Google Chrome Will Begin Labeling HTTP Sites as “Not Secure” Starting July 2018

Google Chrome Will Begin Labeling HTTP Sites as “Not Secure” Starting July 2018

When it comes to making the internet a safer place, Google is leading the charge. For years, it’s campaigned against unsecured HTTP sites that solicit sensitive information like payment details, and in 2015 began prioritizing websites that use HTTPS — an encrypted alternative to HTTP — in Google Search. And starting July 2018 with Google Chrome 68, Google will begin designating unencrypted websites “Not secure” with a label in the address bar.

Google began labeling HTTP pages with password or credit card form fields as “not secure” in January with Chrome 56, and recently brought the “not secure” label to Chrome’s Incognito mode. But in Chrome 68, it’ll show the “Not secure” tag by default on all unencrypted websites.

The idea is to keep users aware of where they are on the internet and whether it’s safe to submit sensitive information. “For the past several years, we’ve moved toward a more secure web by strongly advocating for HTTPS encryption, and helped users to understand that HTTP sites are not secure,” Google said in  a blog post. “Developers transitioning their sites to HTTPS have made the web safer for everyone.”

Thanks to the efforts of developers who’ve transitioned their sites to HTTPS, over 68 percent of all Google Chrome traffic on Android and Windows is protected, Google says, and over 78 percent of all Chrome traffic on Chrome OS and Mac. What’s more, 81 of the top 100 sites on the internet use HTTPS.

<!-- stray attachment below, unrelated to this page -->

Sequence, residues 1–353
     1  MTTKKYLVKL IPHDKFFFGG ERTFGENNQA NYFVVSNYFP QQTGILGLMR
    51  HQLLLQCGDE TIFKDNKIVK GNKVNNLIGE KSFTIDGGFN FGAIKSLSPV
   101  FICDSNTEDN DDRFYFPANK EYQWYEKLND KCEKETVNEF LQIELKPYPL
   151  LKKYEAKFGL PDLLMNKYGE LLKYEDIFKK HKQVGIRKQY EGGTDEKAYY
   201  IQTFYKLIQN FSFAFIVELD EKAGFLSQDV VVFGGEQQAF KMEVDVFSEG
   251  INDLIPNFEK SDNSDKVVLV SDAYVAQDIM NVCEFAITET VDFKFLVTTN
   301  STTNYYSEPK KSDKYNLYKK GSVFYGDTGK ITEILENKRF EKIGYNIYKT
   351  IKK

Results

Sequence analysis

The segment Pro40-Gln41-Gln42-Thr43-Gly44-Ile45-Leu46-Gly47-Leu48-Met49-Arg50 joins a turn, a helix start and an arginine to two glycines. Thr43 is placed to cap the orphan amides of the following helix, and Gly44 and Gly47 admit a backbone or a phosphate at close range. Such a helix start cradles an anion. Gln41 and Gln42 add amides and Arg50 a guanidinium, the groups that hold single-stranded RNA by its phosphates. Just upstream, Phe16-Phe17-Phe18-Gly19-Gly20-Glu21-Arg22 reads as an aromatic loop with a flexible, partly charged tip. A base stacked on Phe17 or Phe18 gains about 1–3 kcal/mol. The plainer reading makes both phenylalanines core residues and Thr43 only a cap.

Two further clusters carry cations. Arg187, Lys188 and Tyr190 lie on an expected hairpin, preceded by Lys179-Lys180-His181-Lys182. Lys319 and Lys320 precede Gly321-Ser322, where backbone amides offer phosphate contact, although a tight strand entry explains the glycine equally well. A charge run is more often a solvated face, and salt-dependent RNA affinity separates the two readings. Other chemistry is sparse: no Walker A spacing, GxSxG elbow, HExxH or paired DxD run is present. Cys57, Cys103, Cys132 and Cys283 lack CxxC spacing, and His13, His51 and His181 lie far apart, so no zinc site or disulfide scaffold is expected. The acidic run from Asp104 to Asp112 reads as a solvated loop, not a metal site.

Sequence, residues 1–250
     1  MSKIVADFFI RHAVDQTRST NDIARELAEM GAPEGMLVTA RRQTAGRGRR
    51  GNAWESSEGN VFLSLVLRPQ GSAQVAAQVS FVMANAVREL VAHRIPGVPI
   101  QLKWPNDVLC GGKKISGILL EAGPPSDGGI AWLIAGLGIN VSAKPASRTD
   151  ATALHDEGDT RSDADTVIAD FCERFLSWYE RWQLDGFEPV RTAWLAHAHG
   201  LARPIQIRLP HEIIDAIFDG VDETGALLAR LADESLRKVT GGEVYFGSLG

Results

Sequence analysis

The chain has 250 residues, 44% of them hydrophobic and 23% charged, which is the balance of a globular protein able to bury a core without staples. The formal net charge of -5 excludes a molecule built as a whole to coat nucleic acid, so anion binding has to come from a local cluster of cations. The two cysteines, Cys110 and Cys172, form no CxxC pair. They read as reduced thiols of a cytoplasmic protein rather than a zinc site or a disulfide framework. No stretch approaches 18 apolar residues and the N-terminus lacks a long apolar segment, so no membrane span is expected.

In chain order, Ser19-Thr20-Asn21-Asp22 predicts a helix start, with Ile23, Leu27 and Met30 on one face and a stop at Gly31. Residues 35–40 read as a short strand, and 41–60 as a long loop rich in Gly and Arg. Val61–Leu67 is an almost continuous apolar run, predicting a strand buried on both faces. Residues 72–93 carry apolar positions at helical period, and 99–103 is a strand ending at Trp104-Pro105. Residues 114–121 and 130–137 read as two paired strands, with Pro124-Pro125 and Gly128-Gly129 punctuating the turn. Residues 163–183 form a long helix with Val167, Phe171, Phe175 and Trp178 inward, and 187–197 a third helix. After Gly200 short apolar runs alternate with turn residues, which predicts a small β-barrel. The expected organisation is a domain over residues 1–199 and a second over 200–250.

It caps off a year of incredible progress. As of October 2017 in Japan, HTTPS traffic surged from 31 percent to 55 percent, according to Google, and in Brazil, it rose from 50 percent to 66 percent.

With the wealth of available documentation about HTTPS, there’s no reason developers shouldn’t adopt it, really. It’s cheaper and easier than ever before, thanks in part to efforts like Let’s Encrypt, a free and automated certificate authority, and Google’s SSL for Google App Engine. There are also tools like Lighthouse, the latest version of which identifies website resources which are ready to be upgraded to HTTPS, and Google-made guides to moving sites to HTTPS.

“Chrome’s new interface will help users understand that all HTTP sites are not secure, and continue to move the web towards a secure HTTPS web by default,” Google said. “Chrome is dedicated to building a better web that provides secure and safe experiences for our users.”

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